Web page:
First Antarctic Drilling 19721975

The period following World War II was marked by an expansion in both the scientific exploration of the oceans and the search for oil on the world's continental shelves. Echo-sounding techniques developed in war time were applied to marine seismic surveys for science and industry, and ship-based drilling for oil offshore attracted the attention of scientists for drilling through the Earth's crust. By the mid-1960s, the main features and gross chronology of most of the world's continental shelves were known by the oil industry, and the US marine science community persuaded its government to support the development of an international Deep Sea Drilling Project (DSDP) to drill the world's ocean floor, beginning in 1968. The main aims were to test and refine the new theory of Plate Tectonics as well as gain new knowledge from this unknown 70% of the Earth's surface that might improve our knowledge of Earth history.

DSDP was remarkably successful and in its first 4 years had drilled at over 200 sites around the world but not in the Antarctic region. The first venture south was Leg 28, designed to carry out the first drilling transect between Australia and Antarctica for dating the timing of continental separation from the age of sediment resting on basaltic ocean floor, and to core for climate and ocean history in the Southern Ocean and on the Ross continental shelf. The Ross Sea region had just been surveyed by the US research vessel USNS Eltanin during which several thousand kilometres of single channel seismic surveys were taken and used to define the three main shelf basins (Houtz and Meijer, 1970; Houtz and Davey, 1973). The Eastern Basin was most promising with dipping strata at the basin margin, allowing a drill ship with a subsea floor penetration limit of around 500 m, to core most of the sedimentary section in three well-chosen sites.

3.3.1. Ship-Based Drilling (1972-1973)

The Glomar Challenger sailed south on DSDP Leg 28 from Fremantle, Australia, in December 1972. In the 2 months that followed, it succeeded both to establish the history of continental separation south of Australia and to provide the first physical record of Antarctic glaciation extending back to Oligocene times (Hayes, Frakes et al., 1975). The three sites drilled in the eastern Ross Sea (Figs. 3.1 and 3.2) revealed large thicknesses of poorly sorted glacial marine debris ranging in age from late Oligocene (~25Ma) to Quaternary. The oldest glacial sediments were cored at DSDP Site 270, where they overlay a palaeosol developed on a calc-silicate gneiss basement.

DSDP Leg 29, which followed in March 1973, added a new and independent body of data with a significant bearing on Antarctic glacial history. The goal of Leg 29 was to sample the floor of the deep ocean south of Australia and New Zealand for as complete a record as possible of strata representing the whole Cenozoic Era to provide data on ocean history for the new field of palaeoceanography. This venture was also successful, both in recovering long and representative stratigraphic sequences and in finding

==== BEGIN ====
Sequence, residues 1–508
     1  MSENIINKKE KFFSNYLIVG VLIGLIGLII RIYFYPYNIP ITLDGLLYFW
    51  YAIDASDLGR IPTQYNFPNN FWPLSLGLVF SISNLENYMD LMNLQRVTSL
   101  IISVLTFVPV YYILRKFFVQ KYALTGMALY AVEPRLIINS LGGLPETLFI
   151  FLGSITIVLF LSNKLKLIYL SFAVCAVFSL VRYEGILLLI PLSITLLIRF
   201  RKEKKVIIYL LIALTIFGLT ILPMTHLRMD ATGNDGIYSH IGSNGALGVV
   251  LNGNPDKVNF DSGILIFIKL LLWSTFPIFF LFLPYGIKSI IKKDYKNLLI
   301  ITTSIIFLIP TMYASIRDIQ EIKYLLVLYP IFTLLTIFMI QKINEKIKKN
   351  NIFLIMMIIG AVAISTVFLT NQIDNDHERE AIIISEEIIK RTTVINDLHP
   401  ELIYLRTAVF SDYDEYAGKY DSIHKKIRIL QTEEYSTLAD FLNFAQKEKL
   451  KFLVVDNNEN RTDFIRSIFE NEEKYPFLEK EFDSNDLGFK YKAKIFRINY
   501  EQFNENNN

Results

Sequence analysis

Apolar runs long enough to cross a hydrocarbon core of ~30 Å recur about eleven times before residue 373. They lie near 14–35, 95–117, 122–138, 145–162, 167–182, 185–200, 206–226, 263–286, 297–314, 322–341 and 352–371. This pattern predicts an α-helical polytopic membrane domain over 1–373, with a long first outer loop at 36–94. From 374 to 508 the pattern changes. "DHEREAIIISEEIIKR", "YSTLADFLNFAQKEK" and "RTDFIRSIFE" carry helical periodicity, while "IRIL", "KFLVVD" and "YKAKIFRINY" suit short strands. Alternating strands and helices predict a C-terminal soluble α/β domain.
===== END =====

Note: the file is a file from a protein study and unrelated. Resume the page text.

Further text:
Figure 3.1: Map showing the Antarctic continent and ice drainage systems (based on Drewry, 1983), with sites of the first drill holes on the Antarctic continental shelf (DSDP Leg 28). Subsequent shelf sites in the McMurdo Sound region (box - see Fig. 3.3 for detail), Prydz Bay and the Antarctic Peninsula are also shown, each reflecting the history of the ice sheet in their respective regions. DSDP Leg 29 drilled lower latitude deep-sea sites south of New Zealand for the first Cenozoic isotopic record of ice volume and temperature (see text). Modified from Barrett (1999), with permission.

Figure 3.1: Map showing the Antarctic continent and ice drainage systems (based on Drewry, 1983), with sites of the first drill holes on the Antarctic continental shelf (DSDP Leg 28). Subsequent shelf sites in the McMurdo Sound region (box - see Fig. 3.3 for detail), Prydz Bay and the Antarctic Peninsula are also shown, each reflecting the history of the ice sheet in their respective regions. DSDP Leg 29 drilled lower latitude deep-sea sites south of New Zealand for the first Cenozoic isotopic record of ice volume and temperature (see text). Modified from Barrett (1999), with permission.

well-preserved calcareous microfossils for applying a new technique, stable isotope analysis, to these cores (Kennett, Houtz et al., 1975).

The result was the first record of warm early Cenozoic times followed by a decline in temperature from around early mid-Eocene times (~50Ma ago,

Figure 3.2: R/V Glomar Challenger at Site 270 (78°S) in January 1973. Seismic section shows how three holes sampled most of the sedimentary section (De Santis et al., 1999).

Shackleton and Kennett, 1975). Two features in the isotope record stand out and are still seen as significant today:

(i) An abrupt increase in 818O in earliest Oligocene times (now 34 Ma), interpreted as a consequence of global cooling, with extensive sea-ice formation around Antarctica. A major global climate event at this time had already been suspected from the change in terrestrial flora around the world.

(ii) Another increase in 818O at ~14Ma, and interpreted to be the result of development of a larger relatively stable Antarctic Ice Sheet like that of today.

Although deep ocean sediments were useful for their continuous record of past ocean chemistry, and in providing an ice volume-temperature signal from oxygen isotopes, they could not provide information on the extent of ice or regional climate in the high latitudes. This could only come out of sediment cores from the Antarctic margin, where the direct influence of ice advance and retreat (and perhaps also sea level fall and rise) could be obtained.

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